Whether you are a classroom or preservice teacher, teacher educator, content leader, department chair, or administrator, the materials below can assist you in implementing the practices presented in the video clip.
Assessment and Evaluation: Some Useful Principles
The terms assessment and evaluation are often
used as synonyms. Distinguishing between them can be helpful
as you plan instruction. Assessment means looking at what students
can do in order to determine what they need to learn to do
next. That is, assessment, whether of individual students or
an entire group, is done in order to inform instruction. Typically
assessment is holistic, often recorded simply as "credit" or
Evaluation occurs after a concept or skill has been taught and practiced and is typically scaled, indicating the level of achievement or degree of competence a student has attained.
Mini-Lesson Planning Tips
For suggested mini-lesson topics, see Suggested
Mini-Lessons for Literature Instruction.
- A mini-lesson can be short or might take up 15 to 20 minutes of class time.
- Typically, mini-lessons are singular topics of whole-class instruction, meant to give students a brief overview of a concept, explore the author's craft, ponder a question, or hone a skill. Often the mini-lesson provides a segue into the application of new learning.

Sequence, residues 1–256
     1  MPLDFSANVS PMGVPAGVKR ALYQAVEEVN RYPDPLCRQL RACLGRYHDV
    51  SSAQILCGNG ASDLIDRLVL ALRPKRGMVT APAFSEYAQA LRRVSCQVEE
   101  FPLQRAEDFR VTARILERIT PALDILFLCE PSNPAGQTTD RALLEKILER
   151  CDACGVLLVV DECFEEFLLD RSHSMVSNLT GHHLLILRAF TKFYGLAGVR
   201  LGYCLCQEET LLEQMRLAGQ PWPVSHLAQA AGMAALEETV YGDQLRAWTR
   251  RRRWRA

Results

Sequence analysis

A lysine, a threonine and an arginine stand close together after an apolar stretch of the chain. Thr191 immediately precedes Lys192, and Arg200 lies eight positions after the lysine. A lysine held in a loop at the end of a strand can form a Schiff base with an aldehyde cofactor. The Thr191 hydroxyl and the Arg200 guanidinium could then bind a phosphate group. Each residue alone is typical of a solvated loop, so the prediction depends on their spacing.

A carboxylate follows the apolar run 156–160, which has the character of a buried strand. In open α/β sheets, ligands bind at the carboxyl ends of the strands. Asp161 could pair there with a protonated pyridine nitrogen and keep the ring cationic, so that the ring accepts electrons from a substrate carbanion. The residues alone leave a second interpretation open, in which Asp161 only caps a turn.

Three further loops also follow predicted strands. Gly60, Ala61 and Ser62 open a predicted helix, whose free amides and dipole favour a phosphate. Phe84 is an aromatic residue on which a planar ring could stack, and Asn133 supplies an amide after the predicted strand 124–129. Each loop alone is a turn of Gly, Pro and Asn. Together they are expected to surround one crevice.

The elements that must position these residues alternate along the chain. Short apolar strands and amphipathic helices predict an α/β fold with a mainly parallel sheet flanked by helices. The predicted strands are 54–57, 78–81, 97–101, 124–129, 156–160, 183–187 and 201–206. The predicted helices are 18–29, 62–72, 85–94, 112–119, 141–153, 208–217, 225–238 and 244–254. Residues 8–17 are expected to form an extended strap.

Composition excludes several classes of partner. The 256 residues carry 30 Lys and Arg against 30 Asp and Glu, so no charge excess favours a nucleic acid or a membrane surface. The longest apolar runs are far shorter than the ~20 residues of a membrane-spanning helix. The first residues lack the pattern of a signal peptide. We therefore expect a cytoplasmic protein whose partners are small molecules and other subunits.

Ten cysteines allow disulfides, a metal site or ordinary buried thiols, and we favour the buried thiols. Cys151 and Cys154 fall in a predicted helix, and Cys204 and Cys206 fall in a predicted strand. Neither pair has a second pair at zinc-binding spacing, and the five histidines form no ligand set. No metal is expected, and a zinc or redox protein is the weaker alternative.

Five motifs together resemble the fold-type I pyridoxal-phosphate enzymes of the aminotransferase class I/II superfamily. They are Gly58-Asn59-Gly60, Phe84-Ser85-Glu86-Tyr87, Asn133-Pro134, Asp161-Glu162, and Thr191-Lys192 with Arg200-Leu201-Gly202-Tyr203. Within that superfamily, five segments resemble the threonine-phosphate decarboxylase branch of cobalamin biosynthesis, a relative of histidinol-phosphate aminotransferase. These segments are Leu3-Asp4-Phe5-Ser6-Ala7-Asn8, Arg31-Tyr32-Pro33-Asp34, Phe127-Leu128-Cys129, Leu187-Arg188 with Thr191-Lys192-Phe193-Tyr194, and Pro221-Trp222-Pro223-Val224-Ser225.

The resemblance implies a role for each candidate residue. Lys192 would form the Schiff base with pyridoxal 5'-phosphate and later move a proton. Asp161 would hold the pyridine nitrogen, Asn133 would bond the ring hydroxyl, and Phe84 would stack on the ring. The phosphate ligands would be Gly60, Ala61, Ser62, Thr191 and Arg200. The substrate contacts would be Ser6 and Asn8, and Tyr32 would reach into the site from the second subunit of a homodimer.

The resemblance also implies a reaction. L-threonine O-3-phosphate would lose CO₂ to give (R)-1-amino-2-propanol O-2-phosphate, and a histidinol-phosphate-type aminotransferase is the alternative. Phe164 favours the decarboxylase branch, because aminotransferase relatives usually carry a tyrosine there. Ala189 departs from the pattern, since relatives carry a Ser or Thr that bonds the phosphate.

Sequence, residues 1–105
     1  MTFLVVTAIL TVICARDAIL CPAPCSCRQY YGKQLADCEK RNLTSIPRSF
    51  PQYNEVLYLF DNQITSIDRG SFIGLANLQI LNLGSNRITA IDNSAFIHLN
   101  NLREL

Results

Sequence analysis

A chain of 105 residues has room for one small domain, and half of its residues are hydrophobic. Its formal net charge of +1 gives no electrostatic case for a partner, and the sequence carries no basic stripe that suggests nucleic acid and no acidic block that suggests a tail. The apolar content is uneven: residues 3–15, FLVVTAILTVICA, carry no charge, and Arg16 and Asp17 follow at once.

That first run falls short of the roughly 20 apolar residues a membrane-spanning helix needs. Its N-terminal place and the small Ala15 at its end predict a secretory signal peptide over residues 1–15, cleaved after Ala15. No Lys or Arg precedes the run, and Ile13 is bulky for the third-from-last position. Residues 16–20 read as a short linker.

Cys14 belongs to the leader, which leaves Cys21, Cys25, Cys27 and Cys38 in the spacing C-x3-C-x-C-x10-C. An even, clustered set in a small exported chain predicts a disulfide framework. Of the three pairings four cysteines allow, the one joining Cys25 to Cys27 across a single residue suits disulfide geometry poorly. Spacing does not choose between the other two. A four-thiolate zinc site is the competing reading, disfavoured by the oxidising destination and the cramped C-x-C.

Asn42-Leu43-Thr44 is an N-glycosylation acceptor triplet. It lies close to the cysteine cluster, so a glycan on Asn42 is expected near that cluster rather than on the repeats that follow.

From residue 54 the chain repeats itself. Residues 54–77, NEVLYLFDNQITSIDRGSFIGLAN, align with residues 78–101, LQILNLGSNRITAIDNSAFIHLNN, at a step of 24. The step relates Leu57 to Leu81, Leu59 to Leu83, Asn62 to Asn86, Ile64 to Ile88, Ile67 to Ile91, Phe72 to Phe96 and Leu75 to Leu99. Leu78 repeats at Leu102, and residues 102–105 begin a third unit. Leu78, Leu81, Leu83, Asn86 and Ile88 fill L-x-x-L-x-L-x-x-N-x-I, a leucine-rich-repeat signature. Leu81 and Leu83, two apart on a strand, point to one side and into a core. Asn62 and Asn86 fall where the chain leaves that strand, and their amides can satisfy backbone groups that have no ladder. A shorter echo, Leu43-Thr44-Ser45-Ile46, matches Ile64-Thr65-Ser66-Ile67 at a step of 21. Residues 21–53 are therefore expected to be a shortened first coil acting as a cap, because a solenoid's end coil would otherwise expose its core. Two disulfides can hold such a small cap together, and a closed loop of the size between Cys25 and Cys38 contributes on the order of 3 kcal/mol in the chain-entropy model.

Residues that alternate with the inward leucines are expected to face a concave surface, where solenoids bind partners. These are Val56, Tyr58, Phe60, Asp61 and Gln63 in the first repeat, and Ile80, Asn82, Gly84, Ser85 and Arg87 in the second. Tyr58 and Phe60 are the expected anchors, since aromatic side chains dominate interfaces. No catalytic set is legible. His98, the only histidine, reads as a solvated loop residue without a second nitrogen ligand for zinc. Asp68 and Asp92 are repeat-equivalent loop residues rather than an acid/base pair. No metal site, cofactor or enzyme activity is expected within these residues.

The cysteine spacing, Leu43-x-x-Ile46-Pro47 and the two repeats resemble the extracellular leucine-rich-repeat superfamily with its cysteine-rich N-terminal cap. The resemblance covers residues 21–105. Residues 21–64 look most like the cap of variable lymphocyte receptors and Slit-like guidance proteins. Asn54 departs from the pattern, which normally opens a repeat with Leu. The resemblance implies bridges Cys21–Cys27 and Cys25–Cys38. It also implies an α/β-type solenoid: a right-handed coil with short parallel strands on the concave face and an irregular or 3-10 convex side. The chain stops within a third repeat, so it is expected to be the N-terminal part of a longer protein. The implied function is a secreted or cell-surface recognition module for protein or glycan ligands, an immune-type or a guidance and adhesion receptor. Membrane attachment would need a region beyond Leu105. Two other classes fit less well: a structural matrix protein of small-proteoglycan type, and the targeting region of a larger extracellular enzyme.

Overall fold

- Mini-lessons can also be student-directed, in which students are given a guide, following the teacher's predetermined path of learning. Here, students are asked to define concepts and synthesize the information. Then students apply the information in a meaningful way.
- Students should be given many opportunities to apply the new learning beyond their initial introduction.
- Consider asking students to construct and present a mini-lesson
to their classmates in which they demonstrate an approach
to literature that they have found successful.
As you plan literature experiences for your students, consider offering text pairings. Some teachers like to introduce students to a number of books by the same author. Others try to find books with similarities in theme or content. Books that have received awards and appear to be developing into contemporary classics are also favored choices. No list of suggestions can be complete or can address every criterion. However, the following list of texts may help you choose titles to complement the ones used in this lesson plan:
Speak by Halse Anderson
Tangerine by Edward Bloor
Joey Pigza Swallowed the Key by Jack Gantos
My Louisiana Sky by Kimberly Willis Holt
Silent to the Bone by E. L. Konigsburg
Mine for Keeps by Jean Little
Lovey, a Very Special Child by Mary MacCracken
Freak the Mighty by Rodman Philbrick
The Man Who Loved Clowns by June Rae Wood